A Gentleman’s Guide to Love and Murder
2014 Tony for Best Musical
By: Charles Giuliano - Dec 14, 2014
A Gentleman’s Guide to Love and Murder
Book and lyrics by Robert L. Freedman; music and lyrics by Steven Lutvak; based on a novel by Roy Horniman
Directed by Darko Tresnjak
Choreography by Peggy Hickey; sets by Alexander Dodge; costumes by Linda Cho; lighting by Philip S. Rosenberg; sound by Dan Moses Schreier; projections by Aaron Rhyne; hair and wig design by Charles LaPointe; orchestrations by Jonathan Tunick; music director, Paul Staroba; vocal arrangements by Dianne Adams McDowell and Mr. Lutvak; music coordinator, Seymour Red Press; production stage manager, Susie Cordon. Presented by Joey Parnes, S. D. Wagner, John Johnson, 50 Church Street Productions, Joan Raffe and Jhett Tolentino, Jay Alix and Una Jackman, Catherine and Fred Adler, Rhoda Herrick, Kathleen Johnson, John Arthur Pinckard, Megan Savage, Shadowcatcher Entertainment, Ron Simons, True Love Productions, Jamie deRoy, Four Ladies and One Gent, Greg Nobile, Stewart Lane and Bonnie Comley, Exeter Capital/Ted Snowdon, Cricket CTM Media/Mano-Horn Productions, Joseph and Carson Gleberman/William Megevick, Dennis Grimaldi/Margot Astrachan, Ryan Hugh Mackey, Hello Entertainment/Jamie Bendell, Michael T. Cohen/Joe Sirola, and Green State Productions, in association with the Hartford Stage and the Old Globe. At the Walter Kerr Theater, 219 West 48th Street, Manhattan, 212-239-6200, telecharge.com. Running time: 2 hours 20 minutes.
Cast: Jefferson Mays (Asquith D’Ysquith Jr./Lord Adalbert D’Ysquith/the Rev. Lord Ezekial D’Ysquith/ Lord Asquith D’Ysquith Sr./Henry D’Ysquith/Lady Hyacinth D’Ysquith/Maj. Lord Bartholomew D’Ysquith/Lady Salome D’Ysquith Pumphrey), Bryce Pinkham (Monty Navarro), Lisa O’Hare (Sibella Hallward), Catherine Walker (Phoebe D’Ysquith), Joanna Glushak (Pamela Bob for the performance in this review) (Newsboy/Lady Eugenia), Eddie Korbich (Actor/Mr. Gorby/Magistrate), Jeff Kready (Tom Copley/Newsboy/Actor/Guard), Roger Purnell (Chauncey), Jennifer Smith (Tour Guide/Newsboy), Price Waldman (Newsboy/Actor/Chief Inspector Pinckney), Sandra De Nise (Miss Barley) and Carole Shelley (Miss Shingle)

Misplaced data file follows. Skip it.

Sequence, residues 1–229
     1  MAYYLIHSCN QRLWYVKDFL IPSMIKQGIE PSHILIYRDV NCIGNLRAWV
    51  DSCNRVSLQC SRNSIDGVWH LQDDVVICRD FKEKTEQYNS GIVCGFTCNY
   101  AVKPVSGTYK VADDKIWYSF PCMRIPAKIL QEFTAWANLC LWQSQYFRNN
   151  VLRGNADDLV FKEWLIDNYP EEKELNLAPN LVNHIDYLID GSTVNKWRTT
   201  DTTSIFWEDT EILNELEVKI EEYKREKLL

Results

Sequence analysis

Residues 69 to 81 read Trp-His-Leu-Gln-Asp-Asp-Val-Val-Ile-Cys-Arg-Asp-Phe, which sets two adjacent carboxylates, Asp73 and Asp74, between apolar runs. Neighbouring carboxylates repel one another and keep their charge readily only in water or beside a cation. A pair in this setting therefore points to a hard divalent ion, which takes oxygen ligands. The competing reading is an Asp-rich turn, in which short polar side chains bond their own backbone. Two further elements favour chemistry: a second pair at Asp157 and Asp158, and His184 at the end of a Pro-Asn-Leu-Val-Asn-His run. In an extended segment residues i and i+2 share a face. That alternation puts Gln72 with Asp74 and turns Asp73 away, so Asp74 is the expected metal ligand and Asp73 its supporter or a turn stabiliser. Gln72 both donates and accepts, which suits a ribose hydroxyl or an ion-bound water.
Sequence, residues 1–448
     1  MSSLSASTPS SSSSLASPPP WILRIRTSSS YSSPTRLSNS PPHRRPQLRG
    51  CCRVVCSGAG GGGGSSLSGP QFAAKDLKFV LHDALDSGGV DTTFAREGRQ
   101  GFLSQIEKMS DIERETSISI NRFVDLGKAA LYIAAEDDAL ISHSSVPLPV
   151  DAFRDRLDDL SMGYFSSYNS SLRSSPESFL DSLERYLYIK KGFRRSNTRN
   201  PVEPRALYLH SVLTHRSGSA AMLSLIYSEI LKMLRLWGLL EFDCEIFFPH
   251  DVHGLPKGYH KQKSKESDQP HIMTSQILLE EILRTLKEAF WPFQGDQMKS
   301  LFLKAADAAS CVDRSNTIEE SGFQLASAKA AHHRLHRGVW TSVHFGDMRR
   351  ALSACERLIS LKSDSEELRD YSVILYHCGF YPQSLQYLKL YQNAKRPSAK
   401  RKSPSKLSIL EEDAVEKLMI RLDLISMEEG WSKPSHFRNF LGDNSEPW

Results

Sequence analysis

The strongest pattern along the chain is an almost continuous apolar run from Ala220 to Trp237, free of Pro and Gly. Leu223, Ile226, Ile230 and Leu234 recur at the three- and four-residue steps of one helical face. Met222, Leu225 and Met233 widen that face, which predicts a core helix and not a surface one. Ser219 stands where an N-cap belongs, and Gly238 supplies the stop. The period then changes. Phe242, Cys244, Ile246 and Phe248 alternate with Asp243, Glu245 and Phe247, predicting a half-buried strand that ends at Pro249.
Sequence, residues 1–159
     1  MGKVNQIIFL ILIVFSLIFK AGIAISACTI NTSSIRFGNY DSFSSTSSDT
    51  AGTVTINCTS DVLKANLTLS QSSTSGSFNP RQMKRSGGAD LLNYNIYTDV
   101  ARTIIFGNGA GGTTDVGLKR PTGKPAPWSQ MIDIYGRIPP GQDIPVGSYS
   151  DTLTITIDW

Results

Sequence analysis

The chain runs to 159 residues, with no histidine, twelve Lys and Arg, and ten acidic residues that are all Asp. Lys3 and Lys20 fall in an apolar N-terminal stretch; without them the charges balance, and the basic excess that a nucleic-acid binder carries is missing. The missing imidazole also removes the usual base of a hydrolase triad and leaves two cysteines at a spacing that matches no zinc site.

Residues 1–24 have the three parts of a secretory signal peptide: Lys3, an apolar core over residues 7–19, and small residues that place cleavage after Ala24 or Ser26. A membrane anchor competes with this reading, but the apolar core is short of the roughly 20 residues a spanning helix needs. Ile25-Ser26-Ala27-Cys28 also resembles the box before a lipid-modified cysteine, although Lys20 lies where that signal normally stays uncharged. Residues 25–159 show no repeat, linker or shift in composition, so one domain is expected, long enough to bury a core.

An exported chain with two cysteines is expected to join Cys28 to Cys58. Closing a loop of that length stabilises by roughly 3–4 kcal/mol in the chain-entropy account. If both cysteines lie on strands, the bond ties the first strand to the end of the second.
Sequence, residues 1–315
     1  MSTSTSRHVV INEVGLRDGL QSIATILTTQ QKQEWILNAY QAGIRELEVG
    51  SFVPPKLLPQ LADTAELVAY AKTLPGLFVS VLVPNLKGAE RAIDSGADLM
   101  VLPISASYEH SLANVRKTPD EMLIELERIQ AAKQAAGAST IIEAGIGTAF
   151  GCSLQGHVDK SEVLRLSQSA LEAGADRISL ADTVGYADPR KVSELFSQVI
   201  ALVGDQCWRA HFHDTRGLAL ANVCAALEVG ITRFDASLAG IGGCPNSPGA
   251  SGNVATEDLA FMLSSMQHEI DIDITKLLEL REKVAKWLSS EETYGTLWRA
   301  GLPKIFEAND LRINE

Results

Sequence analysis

In the intimate Walter Kerr Theatre the 2014 Tony winning best musical A Gentleman’s Guide to Love and Murder with book and lyrics by Robert L. Freedman; music and lyrics by Steven Lutvak; based on a novel by Roy Horniman delivers a perfectly delightful evening of oh so amusing murder, blind ambition and delicious wit.
Knowing nothing about the musical prior to a recent visit, in a flash, I recognized it as a hilarious take on one of my absolute favorite British comedies the 1949 Kind Hearts and Coronets. It was a tour de force for that greatest of actors Alec Guiness who played eight members of the titled D’ysquith family.
For legal reasons while closely following the film the theatrical version has a different title.
They are obstacles in the line of succession to land and title for an obscure, disinherited, low born relative Monty Navarro (Bryce Pinkham). His mother, a member of the clan, was banished for marrying beneath her social station.
In that opening scene Navarro, now lord of the manor, has been condemned to death for bumping off those in the line of succession. The night before his execution Monty is finishing intriguing memoirs which unravel as the two act musical comedy.
Although a serial killer we root for the ambitious young Navarro, as nattily performed by Pinkham, from the get-go. His relatives it seems, a motley crew of outrageous eccentrics, are not very nice people. Utter buggers actually.
This confirmed my innate resentment of the Brits and their hideous caste system. Like all those useless, titled, arrogant and privileged characters that I have grown loving to hate in the insufferable but addicting Downton Abbey. Typically, the servants have more heart and soul than the empty snooty nobles they wait on hand and foot.